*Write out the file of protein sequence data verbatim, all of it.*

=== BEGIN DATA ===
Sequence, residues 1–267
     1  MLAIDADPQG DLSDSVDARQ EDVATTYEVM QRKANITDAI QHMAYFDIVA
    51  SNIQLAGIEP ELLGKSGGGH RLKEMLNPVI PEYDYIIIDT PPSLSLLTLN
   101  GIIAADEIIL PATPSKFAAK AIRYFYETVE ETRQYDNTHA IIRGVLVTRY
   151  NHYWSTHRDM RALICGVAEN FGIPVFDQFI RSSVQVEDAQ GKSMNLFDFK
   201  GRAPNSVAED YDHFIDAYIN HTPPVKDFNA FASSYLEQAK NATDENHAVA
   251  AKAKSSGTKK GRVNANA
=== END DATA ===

Sequence, residues 1–267
     1  MLAIDADPQG DLSDSVDARQ EDVATTYEVM QRKANITDAI QHMAYFDIVA
    51  SNIQLAGIEP ELLGKSGGGH RLKEMLNPVI PEYDYIIIDT PPSLSLLTLN
   101  GIIAADEIIL PATPSKFAAK AIRYFYETVE ETRQYDNTHA IIRGVLVTRY
   151  NHYWSTHRDM RALICGVAEN FGIPVFDQFI RSSVQVEDAQ GKSMNLFDFK
   201  GRAPNSVAED YDHFIDAYIN HTPPVKDFNA FASSYLEQAK NATDENHAVA
   251  AKAKSSGTKK GRVNANA